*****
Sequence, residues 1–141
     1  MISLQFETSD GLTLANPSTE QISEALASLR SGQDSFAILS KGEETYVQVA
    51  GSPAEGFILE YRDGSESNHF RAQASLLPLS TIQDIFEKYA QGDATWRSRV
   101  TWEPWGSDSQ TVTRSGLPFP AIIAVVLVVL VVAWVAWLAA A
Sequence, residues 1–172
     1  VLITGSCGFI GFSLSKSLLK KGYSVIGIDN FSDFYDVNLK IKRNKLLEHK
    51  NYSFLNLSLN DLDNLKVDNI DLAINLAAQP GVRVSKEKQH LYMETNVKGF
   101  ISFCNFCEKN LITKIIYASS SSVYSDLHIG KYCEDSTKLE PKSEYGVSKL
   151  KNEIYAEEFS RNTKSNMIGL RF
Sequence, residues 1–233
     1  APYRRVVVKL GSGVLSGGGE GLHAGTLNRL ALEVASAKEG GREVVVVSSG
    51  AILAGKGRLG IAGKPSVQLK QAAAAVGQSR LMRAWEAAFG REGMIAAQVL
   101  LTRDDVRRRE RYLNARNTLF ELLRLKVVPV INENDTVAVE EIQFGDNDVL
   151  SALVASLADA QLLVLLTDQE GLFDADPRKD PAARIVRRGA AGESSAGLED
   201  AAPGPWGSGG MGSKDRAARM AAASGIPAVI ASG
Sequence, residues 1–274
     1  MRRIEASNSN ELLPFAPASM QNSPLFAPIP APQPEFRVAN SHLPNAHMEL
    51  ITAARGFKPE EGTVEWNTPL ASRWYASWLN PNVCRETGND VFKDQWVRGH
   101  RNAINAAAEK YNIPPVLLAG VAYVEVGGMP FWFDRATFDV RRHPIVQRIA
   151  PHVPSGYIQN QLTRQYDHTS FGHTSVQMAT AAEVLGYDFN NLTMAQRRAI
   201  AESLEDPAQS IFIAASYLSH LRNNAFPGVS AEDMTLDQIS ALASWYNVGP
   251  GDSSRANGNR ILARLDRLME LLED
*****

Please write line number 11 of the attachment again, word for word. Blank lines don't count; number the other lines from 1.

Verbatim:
     1  APYRRVVVKL GSGVLSGGGE GLHAGTLNRL ALEVASAKEG GREVVVVSSG